Uneasy Is the Hand That Holds the Gavel



State Rep. Judd Matheny is apparently unhappy with the relatively little power afforded to him by the title of House speaker pro tempore. Now the Associated Press reports he is taking the temperature of the House GOP caucus to see who would support him if he challenges House Speaker Beth Harwell for her post.

Earlier this month, Harwell's last opponent for the position, Rep. Glen Casada, confirmed to the AP that he would not be challenging her again this coming session.

But Matheny belongs to a certain set of conservatives who have become increasingly unhappy with the party's elected leadership. The Tullahoma Republican supported the National Rifle Association's guns-in-parking-lots bill last session, opposition to which ended up costing House GOP Caucus chair Debra Maggart her seat in the Aug. 2 primary.

He also has a particular concern about the supposedly mounting threat of Shariah law. He sponsored a bill in 2011 that originally would have made it a felony to follow the code and endorsed a chief crusader on the subject, Lou Ann Zelenik, in her ultimately failed bid to unseat U.S. Rep. Diane Black.

An excerpt from the AP report on his ambitions, after the jump:

The position wields little independent power, and Matheny complained in the interview of being marginalized by other Republican leaders, who he said worked to dilute his key legislative initiatives ranging from loosening gun laws to battling what he perceives as the spread of Islamic law in the United States.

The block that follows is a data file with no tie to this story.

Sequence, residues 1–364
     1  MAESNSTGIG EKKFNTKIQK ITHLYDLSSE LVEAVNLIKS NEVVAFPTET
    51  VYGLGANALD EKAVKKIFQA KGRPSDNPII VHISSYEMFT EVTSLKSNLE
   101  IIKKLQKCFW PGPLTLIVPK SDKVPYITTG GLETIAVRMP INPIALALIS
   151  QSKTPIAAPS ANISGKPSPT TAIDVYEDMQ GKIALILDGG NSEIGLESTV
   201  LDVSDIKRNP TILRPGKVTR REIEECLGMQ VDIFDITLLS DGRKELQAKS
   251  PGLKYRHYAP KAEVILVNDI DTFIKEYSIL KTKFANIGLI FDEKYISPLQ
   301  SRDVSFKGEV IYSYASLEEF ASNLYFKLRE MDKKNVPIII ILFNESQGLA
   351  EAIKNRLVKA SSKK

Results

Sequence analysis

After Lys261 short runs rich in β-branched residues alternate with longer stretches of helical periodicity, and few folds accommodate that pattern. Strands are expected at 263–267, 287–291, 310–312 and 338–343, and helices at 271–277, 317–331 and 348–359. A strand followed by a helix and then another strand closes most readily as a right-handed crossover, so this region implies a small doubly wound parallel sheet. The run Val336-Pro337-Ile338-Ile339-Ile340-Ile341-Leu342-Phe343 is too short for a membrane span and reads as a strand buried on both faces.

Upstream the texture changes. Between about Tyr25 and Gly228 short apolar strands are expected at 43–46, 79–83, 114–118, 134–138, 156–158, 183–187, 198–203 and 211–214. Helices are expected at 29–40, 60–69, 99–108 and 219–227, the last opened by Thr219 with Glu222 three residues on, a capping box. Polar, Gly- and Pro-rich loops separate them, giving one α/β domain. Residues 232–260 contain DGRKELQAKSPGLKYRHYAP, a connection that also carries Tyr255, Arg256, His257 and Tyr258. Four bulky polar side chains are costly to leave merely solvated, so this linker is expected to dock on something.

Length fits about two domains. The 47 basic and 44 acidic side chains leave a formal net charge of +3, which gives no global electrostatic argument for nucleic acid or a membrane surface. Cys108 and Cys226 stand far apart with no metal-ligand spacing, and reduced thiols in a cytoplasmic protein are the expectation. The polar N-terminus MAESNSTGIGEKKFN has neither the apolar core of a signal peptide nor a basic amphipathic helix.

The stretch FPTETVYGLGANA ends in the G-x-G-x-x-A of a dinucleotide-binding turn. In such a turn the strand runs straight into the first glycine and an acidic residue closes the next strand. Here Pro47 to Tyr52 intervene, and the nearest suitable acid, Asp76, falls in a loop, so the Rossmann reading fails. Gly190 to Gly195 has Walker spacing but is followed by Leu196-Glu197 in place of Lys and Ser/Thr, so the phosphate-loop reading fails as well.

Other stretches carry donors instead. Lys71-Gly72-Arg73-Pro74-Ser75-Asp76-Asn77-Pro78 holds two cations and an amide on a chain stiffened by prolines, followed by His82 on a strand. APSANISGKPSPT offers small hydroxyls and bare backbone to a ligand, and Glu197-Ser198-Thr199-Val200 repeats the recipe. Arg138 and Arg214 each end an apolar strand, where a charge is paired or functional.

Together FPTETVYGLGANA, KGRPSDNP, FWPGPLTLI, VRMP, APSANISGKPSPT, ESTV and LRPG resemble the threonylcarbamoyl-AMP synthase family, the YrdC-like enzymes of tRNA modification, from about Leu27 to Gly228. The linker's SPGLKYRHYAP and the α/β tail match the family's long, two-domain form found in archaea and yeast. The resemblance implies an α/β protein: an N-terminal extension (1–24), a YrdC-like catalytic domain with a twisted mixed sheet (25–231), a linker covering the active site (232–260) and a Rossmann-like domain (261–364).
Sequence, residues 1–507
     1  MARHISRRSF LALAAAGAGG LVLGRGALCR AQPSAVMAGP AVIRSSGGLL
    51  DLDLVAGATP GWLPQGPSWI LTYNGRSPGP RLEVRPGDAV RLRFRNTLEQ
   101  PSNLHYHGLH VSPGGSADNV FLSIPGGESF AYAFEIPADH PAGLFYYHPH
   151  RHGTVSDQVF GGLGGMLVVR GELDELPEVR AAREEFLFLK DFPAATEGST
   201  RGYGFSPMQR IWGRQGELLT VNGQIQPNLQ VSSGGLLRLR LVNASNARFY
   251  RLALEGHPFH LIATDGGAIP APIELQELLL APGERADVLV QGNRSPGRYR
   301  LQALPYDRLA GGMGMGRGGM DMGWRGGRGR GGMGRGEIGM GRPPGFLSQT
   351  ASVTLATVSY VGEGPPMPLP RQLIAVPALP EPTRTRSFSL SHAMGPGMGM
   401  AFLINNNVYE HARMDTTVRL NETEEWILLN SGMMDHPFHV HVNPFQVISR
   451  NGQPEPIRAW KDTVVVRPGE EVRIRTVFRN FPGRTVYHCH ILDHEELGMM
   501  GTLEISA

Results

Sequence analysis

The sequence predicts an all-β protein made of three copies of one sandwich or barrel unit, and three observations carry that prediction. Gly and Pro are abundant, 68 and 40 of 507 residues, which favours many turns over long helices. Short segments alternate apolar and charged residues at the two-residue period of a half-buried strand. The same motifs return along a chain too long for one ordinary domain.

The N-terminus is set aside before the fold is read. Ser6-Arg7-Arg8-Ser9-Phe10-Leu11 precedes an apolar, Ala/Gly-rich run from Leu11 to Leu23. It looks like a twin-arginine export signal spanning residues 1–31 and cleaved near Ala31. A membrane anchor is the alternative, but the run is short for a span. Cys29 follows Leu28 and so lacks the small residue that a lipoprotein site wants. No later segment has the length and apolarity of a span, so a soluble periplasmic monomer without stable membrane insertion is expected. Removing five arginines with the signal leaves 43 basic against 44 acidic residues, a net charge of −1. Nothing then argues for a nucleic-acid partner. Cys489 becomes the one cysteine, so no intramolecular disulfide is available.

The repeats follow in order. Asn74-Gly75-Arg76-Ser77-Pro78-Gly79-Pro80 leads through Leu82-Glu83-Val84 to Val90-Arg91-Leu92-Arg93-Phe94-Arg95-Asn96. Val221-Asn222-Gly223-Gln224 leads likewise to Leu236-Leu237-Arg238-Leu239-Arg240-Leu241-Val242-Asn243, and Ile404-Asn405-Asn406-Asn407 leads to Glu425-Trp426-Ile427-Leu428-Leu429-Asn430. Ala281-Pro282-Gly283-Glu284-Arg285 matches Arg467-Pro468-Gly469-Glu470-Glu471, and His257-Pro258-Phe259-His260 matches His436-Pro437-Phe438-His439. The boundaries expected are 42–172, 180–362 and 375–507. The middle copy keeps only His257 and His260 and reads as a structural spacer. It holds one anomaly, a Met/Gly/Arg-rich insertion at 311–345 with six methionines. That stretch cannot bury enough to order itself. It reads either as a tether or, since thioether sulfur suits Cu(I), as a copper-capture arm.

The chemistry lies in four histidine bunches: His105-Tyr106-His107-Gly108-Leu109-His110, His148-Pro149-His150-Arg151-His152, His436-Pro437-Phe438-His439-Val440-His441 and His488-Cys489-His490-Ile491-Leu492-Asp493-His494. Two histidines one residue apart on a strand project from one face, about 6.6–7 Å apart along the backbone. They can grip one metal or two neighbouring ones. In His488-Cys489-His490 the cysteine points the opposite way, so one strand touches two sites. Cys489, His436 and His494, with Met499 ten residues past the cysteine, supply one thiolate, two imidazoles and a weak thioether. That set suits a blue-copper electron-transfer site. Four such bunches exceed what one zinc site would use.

"Other members in our caucus have chosen not to include me in the chain of information and custody of the Legislature," he said. "I feel like I've purposefully been put in a box."

Matheny, 42, said he holds no personal grudge against Harwell, whom he supported in a hard-fought speaker's race in 2010. But Matheny said he wants the Legislature to exert more power within state government and to pursue what he called "our true constitutional principles."

"I just think this body could be more — and do more," he said.

For what it's worth, I asked Harwell about her feelings on a possible challenge earlier this month, during a chat about the results of the primary elections. At the time, neither Casada nor Matheny had gone public with their intentions, but the fall of seven GOP incumbents was fueling speculation that she might see a challenge from her right. She said her focus was on the general elections in November — which is what she told the AP today — and added:

"I serve at the pleasure of the House Republican Caucus. That’s who I answer to; I don’t answer to any special interest group.”

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